Specific Players

I’m always asked for notable players across a period, so this is how they shook out based on this metric. First players with at least 3 seasons as the “top player.” The second table has all players.

Dirk Nowitzki1.0-
Kevin Garnett-0.4-
Tim Duncan2.
LeBron James0.1-
Luol Deng-0.3-4.54.3-1.1-1.61.5-4.5-
Steve Nash-0.1-
Baron Davis-1.7-3.00.9-0.50.9-3.0-2.7-2.6-2.0
Dwight Howard-0.1-4.53.7-4.5-
Elton Brand-2.2-4.8-0.3-3.8-0.3-1.1-2.2-4.8-0.9
Jason Kidd0.3-
Kobe Bryant-0.1-3.74.5-2.7-1.7-
Brad Miller-3.2-
Dwyane Wade-4.5-9.6-0.9-0.9-3.6-9.6-4.0-4.5
LaMarcus Aldridge-0.4-2.92.6-
Rasheed Wallace0.1-1.42.6-0.40.9-1.42.6-1.1
Andrei Kirilenko-1.1-6.42.8-1.9-
Chris Bosh-2.6-3.8-1.6-1.8-1.6-3.8-3.2
Chris Paul-2.5-3.6-0.5-2.7-3.3-3.6-0.5
Gerald Wallace-3.9-6.6-0.3-6.2-2.4-0.3-6.6
Josh Smith-2.7-7.21.2-7.21.2-2.9-1.8
Paul Pierce-3.0-5.4-1.5-1.7-1.5-3.6-5.4
Ray Allen-1.8-6.02.6-5.01.1-6.02.6
Shaquille O'Neal1.4-
Shawn Marion-0.9-3.11.8-3.10.5-3.01.8
Steve Francis-2.3-4.7-1.0-4.7-1.2-1.0-2.4
Allen Iverson-1.7-3.9-0.4-0.9-3.9-0.4
Andrew Bogut-2.7-3.4-2.2-2.2-2.3-3.4
Antawn Jamison-4.4-7.2-1.3-1.3-4.6-7.2
Ben Wallace-2.0-6.43.0-2.43.0-6.4
Bobby Simmons-5.4-9.2-3.0-4.1-3.0-9.2
Brendan Haywood-4.9-6.8-1.7-6.8-1.7-6.2
Carlos Boozer-0.4-1.72.3-1.7-1.62.3
Chauncey Billups3.
Danny Granger-2.3-5.4-0.1-1.5-5.4-0.1
Jermaine O'Neal-1.2-4.01.7-1.21.7-4.0
Kevin Durant1.
Marcus Camby-5.9-9.6-0.9-0.9-9.6-7.2
Metta World Peace-2.9-6.41.1-6.41.1-3.5
Nene Hilario0.5-1.51.9-
Pau Gasol-1.1-8.14.1-
Rashard Lewis-2.8-8.63.7-3.53.7-8.6
Shane Battier-0.2-
Theo Ratliff-6.6-9.7-4.1-4.1-6.0-9.7
Vince Carter-7.2-7.2-7.1-7.2-7.2-7.1
Al Harrington-2.5-2.5-2.5-2.5
Allen Iverson-1.7-3.9-0.4-0.9-3.9-0.4
Alvin Williams0.
Amir Johnson-6.4-8.5-4.3-8.5-4.3
Anderson Varejao-7-7-7-7
Andre Iguodala-2.3-2.3-2.3-2.3
Andre Miller-0.4-
Andrei Kirilenko-1.1-6.42.8-1.9-
Andrew Bogut-2.7-3.4-2.2-2.2-2.3-3.4
Andrew DeClercq-5.9-8.5-3.2-3.2-8.5
Antawn Jamison-4.4-7.2-1.3-1.3-4.6-7.2
Anthony Morrow-8.6-8.6-8.6-8.6
Anthony Parker-11.1-11.1-11.1-11.1
Anthony Tolliver-8.2-8.2-8.2-8.2
Antoine Walker0.
Baron Davis-1.7-30.9-0.50.9-3-2.7-2.6-2
Ben Wallace-2-6.43-2.43-6.4
Beno Udrih-2.4-2.4-2.4-2.4
Bob Sura-4-4-4-4
Bobby Simmons-5.4-9.2-3-4.1-3-9.2
Boris Diaw-13.9-13.9-13.9-13.9
Brad Miller-3.2-8.300-1.2-2.3-4.2-8.3
Brendan Haywood-4.9-6.8-1.7-6.8-1.7-6.2
Brevin Knight-5-5-5-5
Brian Skinner-2.1-2.1-2.1-2.1
C.J. Watson-4.6-4.6-4.6-4.6
Carlos Boozer-0.4-1.72.3-1.7-1.62.3
Charlie Ward-5.8-5.8-5.8-5.8
Chauncey Billups32.
Chris Andersen-4.3-4.3-4.3-4.3
Chris Bosh-2.6-3.8-1.6-1.8-1.6-3.8-3.2
Chris Paul-2.5-3.6-0.5-2.7-3.3-3.6-0.5
Chris Wilcox-9.4-9.4-9.4-9.4
Corey Maggette-8.6-8.6-8.6-8.6
Corliss Williamson-1.9-1.9-1.9-1.9
Danilo Gallinari-1.1-3.61.4-3.61.4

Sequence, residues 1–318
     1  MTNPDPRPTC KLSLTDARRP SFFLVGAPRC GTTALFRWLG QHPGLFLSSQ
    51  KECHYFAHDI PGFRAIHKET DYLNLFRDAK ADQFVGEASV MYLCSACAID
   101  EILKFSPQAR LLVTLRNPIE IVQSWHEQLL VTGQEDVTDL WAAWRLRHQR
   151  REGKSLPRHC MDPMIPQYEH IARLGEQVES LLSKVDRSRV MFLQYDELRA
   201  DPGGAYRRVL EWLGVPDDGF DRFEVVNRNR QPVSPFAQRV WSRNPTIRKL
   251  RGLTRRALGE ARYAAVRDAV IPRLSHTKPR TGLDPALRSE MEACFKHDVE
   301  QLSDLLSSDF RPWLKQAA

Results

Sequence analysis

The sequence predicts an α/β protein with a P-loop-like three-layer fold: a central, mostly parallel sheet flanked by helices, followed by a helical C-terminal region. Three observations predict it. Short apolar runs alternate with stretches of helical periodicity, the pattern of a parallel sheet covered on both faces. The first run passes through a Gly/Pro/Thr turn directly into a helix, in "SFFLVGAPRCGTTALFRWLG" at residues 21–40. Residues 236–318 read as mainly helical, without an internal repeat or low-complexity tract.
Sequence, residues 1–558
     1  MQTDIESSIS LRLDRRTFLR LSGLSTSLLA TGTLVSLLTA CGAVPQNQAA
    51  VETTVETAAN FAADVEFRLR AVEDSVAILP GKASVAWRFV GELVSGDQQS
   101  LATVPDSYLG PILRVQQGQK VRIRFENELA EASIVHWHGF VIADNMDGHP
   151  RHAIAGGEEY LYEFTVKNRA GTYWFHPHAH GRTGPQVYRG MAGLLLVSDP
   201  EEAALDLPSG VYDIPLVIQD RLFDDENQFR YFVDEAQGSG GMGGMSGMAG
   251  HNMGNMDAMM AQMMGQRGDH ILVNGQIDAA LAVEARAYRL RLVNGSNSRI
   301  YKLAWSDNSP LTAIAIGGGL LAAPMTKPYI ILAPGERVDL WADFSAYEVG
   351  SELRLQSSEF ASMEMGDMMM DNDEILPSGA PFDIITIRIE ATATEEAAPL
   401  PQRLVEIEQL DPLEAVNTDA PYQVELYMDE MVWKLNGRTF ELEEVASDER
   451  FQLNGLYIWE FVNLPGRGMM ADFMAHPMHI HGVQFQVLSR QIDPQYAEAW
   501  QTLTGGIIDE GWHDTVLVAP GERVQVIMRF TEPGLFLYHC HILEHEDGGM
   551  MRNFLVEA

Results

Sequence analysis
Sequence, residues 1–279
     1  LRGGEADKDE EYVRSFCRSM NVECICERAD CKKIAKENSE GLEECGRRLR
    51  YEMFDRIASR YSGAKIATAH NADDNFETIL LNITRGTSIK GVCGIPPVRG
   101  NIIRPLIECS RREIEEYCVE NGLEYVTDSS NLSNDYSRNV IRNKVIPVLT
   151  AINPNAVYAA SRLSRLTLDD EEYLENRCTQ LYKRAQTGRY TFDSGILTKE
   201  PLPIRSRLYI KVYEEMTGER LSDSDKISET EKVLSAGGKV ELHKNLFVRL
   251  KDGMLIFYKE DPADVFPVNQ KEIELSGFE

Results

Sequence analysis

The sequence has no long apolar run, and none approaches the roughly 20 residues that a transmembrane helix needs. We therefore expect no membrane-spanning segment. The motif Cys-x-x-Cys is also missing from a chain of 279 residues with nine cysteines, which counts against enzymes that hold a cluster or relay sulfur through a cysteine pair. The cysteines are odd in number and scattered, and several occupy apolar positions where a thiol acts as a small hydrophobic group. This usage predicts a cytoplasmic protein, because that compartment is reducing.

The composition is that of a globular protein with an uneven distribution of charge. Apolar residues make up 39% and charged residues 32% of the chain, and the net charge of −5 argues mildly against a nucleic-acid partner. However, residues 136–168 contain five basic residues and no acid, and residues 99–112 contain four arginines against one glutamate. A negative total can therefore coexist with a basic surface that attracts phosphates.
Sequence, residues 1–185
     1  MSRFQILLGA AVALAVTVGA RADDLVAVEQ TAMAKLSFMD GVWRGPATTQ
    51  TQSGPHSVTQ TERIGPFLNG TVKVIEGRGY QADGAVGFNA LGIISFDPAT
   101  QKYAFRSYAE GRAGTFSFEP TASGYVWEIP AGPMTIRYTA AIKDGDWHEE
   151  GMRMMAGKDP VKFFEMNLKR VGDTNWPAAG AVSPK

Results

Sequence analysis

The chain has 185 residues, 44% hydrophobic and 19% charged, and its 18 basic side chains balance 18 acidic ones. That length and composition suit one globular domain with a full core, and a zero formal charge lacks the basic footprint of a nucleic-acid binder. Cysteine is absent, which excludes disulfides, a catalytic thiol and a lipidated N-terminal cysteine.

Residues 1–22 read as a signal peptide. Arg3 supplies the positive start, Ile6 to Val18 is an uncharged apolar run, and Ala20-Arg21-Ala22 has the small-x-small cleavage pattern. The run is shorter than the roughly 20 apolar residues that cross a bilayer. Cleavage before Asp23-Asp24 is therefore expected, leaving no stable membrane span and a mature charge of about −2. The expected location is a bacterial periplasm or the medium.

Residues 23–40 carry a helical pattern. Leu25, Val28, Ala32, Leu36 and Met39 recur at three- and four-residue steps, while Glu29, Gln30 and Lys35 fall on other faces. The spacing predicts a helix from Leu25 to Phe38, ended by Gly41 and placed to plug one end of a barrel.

Danny Granger-2.3-5.4-0.1-1.5-5.4-0.1
Darvin Ham-3-3-3-3
David Lee-3.1-3.1-3.1-3.1
DerMarr Johnson-3.5-3.5-3.5-3.5
Deron Williams-1.5-
Derrick Coleman4.
Desmond Mason-2.2-2.8-1.7-2.8-1.7
Devin Harris-3.6-3.6-3.6-3.6
Dirk Nowitzki1-
Doug Christie31.
Dwight Howard-0.1-4.53.7-4.5-
Dwyane Wade-4.5-9.6-0.9-0.9-3.6-9.6-4-4.5
Earl Boykins-2.2-2.2-2.2-2.2
Earl Watson0.
Eddie Jones-3.4-4.8-2-4.8-2
Eddie Robinson-6.8-6.8-6.8-6.8
Elton Brand-2.2-4.8-0.3-3.8-0.3-1.1-2.2-4.8-0.9
Eric Gordon-5-5-5-5
Eric Snow-0.6-
Etan Thomas-4.9-4.9-4.9-4.9
Gerald Wallace-3.9-6.6-0.3-6.2-2.4-0.3-6.6
Gilbert Arenas-3.9-3.9-3.9-3.9
Greg Ostertag2.
Horace Grant-4-4-4-4
Ime Udoka-5.5-5.5-5.5-5.5
Jackie Butler-7.9-7.9-7.9-7.9
Jamal Crawford-5-5-5-5
Jason Collins-3.3-3.3-3.3-3.3
Jason Kidd0.3-
Jason Richardson-4.9-6-3.9-3.9-6
Jason Smith-4.1-4.1-4.1-4.1
Jason Thompson-5.8-6-5.6-5.6-6
Jeff Foster-1.9-2.4-1.5-2.4-1.5
Jermaine O'Neal-1.2-41.7-1.21.7-4
Jerome James-1-1-1-1
Jim Jackson-1.9-1.9-1.9-1.9
Joe Johnson-3-4.7-1.2-4.7-1.2
Joe Smith-1-1-1-1
John Stockton-0.7-0.7-0.7-0.7
Josh Smith-2.7-7.21.2-7.21.2-2.9-1.8
Kevin Durant1.
Kevin Garnett-0.4-
Kevin Love-4.4-4.4-4.4-4.4
Kirk Hinrich-1.5-1.5-1.5-1.5
Kobe Bryant-0.1-3.74.5-2.7-1.7-
Kurt Thomas-4.2-4.2-4.2-4.2
Kyle Lowry-0.6-0.9-0.2-0.9-0.2
LaMarcus Aldridge-0.4-2.92.6-
Landry Fields0.
LeBron James0.1-430.9-1.8-1.7-42.6-0.432.4
Luol Deng-0.3-4.54.3-1.1-1.61.5-4.5-
Manu Ginobili1.
Marc Gasol-3.1-3.1-3.1-3.1
Marcus Camby-5.9-9.6-0.9-0.9-9.6-7.2
Marko Jaric-6.3-6.3-6.3-6.3
Marvin Williams-5.8-5.8-5.8-5.8
Metta World Peace-2.9-6.41.1-6.41.1-3.5
Michael Jordan0.
Michael Redd-6.4-7.7-5.1-5.1-7.7
Mike Conley-0.1-0.40.3-0.40.3
Mike Dunleavy-4.3-5.4-3.3-5.4-3.3
Mike James-5.1-5.6-4.6-4.6-5.6
Nate Robinson-7.4-7.4-7.4-7.4
Nene Hilario0.5-1.51.9-
Nick Collison-6.6-6.6-6.6-6.6
Nick Van Exel-4-4-4-4
Othella Harrington-5.2-5.2-5.2-5.2
Pau Gasol-1.1-8.14.1-
Paul Millsap-4.4-4.9-3.9-4.9-3.9
Paul Pierce-3-5.4-1.5-1.7-1.5-3.6-5.4
Quentin Richardson-3.3-3.3-3.3-3.3
Rafer Alston-0.3-3.52.9-3.52.9
Ramon Sessions-9.5-9.5-9.5-9.5
Rashad McCants-8.8-8.8-8.8-8.8
Rashard Lewis-2.8-8.63.7-3.53.7-8.6
Rasheed Wallace0.1-1.42.6-0.40.9-1.42.6-1.1
Ray Allen-1.8-62.6-51.1-62.6
Raymond Felton-3.1-3.1-3.1-3.1
Richard Hamilton3.
Rodney Stuckey-6.6-7.7-5.5-5.5-7.7
Ronny Turiaf-3.7-3.7-3.7-3.7
Ruben Patterson-3.4-3.4-3.4-3.4
Rudy Gay-5.1-5.1-5.1-5.1
Ryan Bowen-4.4-4.4-4.4-4.4
Samuel Dalembert-4.7-4.7-4.7-4.7
Sebastian Telfair-5.3-5.3-5.3-5.3
Shane Battier-0.2-
Shaquille O'Neal1.4-
Shawn Marion-0.9-3.11.8-3.10.5-31.8
Speedy Claxton-3.8-5.4-2.1-2.1-5.4
Stephen Curry-4.2-4.4-4-4-4.4
Stephon Marbury-2.5-2.5-2.5-2.5
Steve Francis-2.3-4.7-1-4.7-1.2-1-2.4
Steve Nash-0.1-
Stromile Swift-2.1-2.8-1.5-1.5-2.8
Thaddeus Young0.3-1.92.6-1.92.6
Theo Ratliff-6.6-9.7-4.1-4.1-6-9.7
Tim Duncan2.
Tracy McGrady2.213.413.4
Trevor Booker-7.7-7.7-7.7-7.7
Tyson Chandler0.2-2.52.9-2.52.9
Vince Carter-7.2-7.2-7.1-7.2-7.2-7.1
Vladimir Radmanovic0.
Wilson Chandler-0.8-0.8-0.8-0.8
Yao Ming-1.2-4.31.9-4.31.9
Zach Randolph-6-6-6-6
Zaza Pachulia-5.1-5.1-5.1-5.1
Zydrunas Ilgauskas-7.6-7.6-7.6-7.6